During my talk I attempted to share the way that I frame nuclear energy in outreach, namely as a central solution to many different challenges. The nuclear industry and our technologies can sometimes seem to exist in isolation, and showing the ways that these technologies are connected to people’s everyday lives has been one of the most successful frameworks I have found. I hope that the importance of creating context for communicating about nuclear energy was not lost in translation, since those are quite subtle shifts in presentation and something that people don’t always grasp even when we speak the same language. Based on some of the feedback I’ve received via email from attendees makes me think that I did get the message across to some key members of audience who are active in outreach. I was please by both the turn out and the many questions I received after the talk.
After my talk I was able to tour the COSTA, a testing facility where they put liquid metal coolants through different conditions to identify structural materials limits for the ADS described above. Alfons Weinburger was my guide and shared his thoughts on the importance of the research happening at KIT, especially the role of this facility of determining the safe operating conditions for different structural materials that will likely be applied to lead and salt cooled systems. For instance currently this facility is working to identify the conditions in which cladding starts to corrode, as well as ways to mitigate corrosion with a technology called GESA, which adds a protective coating to the exterior cladding. This research is relevant for Accelerator Driven Systems (ADS) that utilize liquid metal coolants.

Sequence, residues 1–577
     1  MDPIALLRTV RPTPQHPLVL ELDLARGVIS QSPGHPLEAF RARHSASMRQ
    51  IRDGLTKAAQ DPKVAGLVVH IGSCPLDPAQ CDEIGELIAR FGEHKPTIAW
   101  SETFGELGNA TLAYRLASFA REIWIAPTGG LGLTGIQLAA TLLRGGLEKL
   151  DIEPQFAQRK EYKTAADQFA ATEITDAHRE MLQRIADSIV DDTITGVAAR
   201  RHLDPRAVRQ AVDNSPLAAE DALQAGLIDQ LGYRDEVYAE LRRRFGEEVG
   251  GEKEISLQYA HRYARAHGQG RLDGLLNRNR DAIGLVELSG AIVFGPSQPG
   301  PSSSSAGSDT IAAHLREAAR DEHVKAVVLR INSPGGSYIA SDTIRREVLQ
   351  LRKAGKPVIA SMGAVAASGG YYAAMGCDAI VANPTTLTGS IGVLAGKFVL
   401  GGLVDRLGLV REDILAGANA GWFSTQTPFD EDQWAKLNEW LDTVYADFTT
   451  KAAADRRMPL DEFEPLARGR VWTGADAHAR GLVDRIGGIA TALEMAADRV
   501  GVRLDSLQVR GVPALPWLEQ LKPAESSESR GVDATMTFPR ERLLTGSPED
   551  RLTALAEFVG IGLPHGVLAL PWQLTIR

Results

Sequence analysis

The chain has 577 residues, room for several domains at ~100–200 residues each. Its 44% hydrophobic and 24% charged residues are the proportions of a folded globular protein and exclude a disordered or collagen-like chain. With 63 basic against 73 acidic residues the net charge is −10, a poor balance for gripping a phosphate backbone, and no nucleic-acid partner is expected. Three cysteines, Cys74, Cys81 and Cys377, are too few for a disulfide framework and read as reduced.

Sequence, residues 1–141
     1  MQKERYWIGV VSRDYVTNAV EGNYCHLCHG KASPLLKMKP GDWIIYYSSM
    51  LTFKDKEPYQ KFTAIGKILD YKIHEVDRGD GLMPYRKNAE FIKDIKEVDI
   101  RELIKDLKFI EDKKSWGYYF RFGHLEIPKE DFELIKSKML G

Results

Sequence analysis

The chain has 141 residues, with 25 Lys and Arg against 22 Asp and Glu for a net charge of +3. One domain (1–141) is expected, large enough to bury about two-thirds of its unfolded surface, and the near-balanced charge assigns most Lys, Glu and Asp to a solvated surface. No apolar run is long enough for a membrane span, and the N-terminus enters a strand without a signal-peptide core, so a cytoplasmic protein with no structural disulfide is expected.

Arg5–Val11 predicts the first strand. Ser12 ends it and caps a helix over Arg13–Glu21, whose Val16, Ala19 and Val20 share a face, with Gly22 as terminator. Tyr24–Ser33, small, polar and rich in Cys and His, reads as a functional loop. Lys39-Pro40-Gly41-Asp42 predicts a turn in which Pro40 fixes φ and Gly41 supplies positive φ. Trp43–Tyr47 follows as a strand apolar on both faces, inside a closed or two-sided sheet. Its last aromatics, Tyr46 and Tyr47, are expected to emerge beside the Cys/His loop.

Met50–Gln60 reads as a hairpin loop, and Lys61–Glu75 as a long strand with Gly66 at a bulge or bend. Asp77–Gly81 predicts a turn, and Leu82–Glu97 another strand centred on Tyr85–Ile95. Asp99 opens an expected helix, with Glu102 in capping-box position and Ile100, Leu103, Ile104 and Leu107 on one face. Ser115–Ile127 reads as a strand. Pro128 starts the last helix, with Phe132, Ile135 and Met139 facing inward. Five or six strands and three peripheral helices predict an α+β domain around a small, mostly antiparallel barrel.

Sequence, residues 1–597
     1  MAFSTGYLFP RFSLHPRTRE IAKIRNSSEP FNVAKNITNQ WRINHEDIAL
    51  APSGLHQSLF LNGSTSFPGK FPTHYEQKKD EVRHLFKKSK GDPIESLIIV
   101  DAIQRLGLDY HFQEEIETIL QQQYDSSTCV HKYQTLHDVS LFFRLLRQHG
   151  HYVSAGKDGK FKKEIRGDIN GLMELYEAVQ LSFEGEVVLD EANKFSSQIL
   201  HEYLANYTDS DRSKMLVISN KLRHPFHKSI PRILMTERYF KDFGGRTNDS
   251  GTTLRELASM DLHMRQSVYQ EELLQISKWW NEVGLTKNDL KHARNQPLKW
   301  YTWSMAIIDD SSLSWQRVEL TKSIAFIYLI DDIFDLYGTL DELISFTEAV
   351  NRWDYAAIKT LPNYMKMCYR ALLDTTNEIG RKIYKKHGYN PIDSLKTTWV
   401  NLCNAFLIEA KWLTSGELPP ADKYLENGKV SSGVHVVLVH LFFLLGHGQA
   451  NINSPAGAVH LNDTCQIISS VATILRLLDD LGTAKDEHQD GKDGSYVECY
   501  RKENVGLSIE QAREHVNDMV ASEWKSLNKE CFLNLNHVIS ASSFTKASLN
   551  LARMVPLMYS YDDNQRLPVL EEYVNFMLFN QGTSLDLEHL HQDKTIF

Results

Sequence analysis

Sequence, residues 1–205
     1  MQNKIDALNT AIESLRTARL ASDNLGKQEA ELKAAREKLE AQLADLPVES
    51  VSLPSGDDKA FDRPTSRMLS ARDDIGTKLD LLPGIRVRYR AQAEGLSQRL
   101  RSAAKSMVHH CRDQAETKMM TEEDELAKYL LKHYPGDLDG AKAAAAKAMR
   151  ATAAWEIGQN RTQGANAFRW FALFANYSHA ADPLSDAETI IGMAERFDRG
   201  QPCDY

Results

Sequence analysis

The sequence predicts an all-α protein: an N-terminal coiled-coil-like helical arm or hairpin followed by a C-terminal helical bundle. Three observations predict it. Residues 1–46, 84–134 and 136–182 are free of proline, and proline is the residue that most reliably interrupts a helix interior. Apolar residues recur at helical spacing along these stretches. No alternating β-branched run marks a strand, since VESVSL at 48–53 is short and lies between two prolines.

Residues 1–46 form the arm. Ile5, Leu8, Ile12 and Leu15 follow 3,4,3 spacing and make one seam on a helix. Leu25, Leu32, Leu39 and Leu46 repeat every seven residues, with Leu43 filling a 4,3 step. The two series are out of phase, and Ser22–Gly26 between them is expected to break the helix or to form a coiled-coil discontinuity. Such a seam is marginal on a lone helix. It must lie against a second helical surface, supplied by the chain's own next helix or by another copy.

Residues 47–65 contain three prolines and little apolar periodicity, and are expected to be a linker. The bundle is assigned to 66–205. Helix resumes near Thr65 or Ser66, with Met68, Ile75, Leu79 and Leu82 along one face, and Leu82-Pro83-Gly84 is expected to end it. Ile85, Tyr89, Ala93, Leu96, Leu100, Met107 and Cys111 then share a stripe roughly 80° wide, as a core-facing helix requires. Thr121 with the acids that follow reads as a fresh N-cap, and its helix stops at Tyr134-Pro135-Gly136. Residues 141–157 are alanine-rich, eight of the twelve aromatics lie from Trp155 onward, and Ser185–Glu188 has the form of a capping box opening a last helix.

Much of the buzz and excitement in the nuclear industry surrounds Generation IV reactors currently being developed in China, France and the U.S. (among others), however Germany may also continue to fill a role in advancing nuclear technologies on the global stage. One of the big challenges in moving nuclear technologies forward if management of legacy waste from research and development programs around the world– which is often cited by nuclear opponents as proof of the industry’s inability handle nuclear materials responsibly. We also have many countries, including the U.S., which have not found long-term solutions for managing spent nuclear fuel from commercial reactors- another oft-cited issue by detractors.
As Germany develops advanced waste management technique and sets the standards for safely decommissioning older plants and research sites on a large scale, we may see other countries move forward with new nuclear technologies more confidently with the knowledge that they can transition away from older technologies.
Resolving the waste issues associated with earlier technologies is an important step towards showing that we are responsible and accountable, and ready for another generation of nuclear reactors worldwide. The French and Finnish have already made great strides in closing the fuel cycle and Germany may be next.
If any country is capable of solving issues related to nuclear decommissioning and waste in a quick, orderly and replicable fashion it’s Germany. Replacing nuclear plants with renewable sources is the much larger challenge- but KIT is on the job for that grand experiment as well.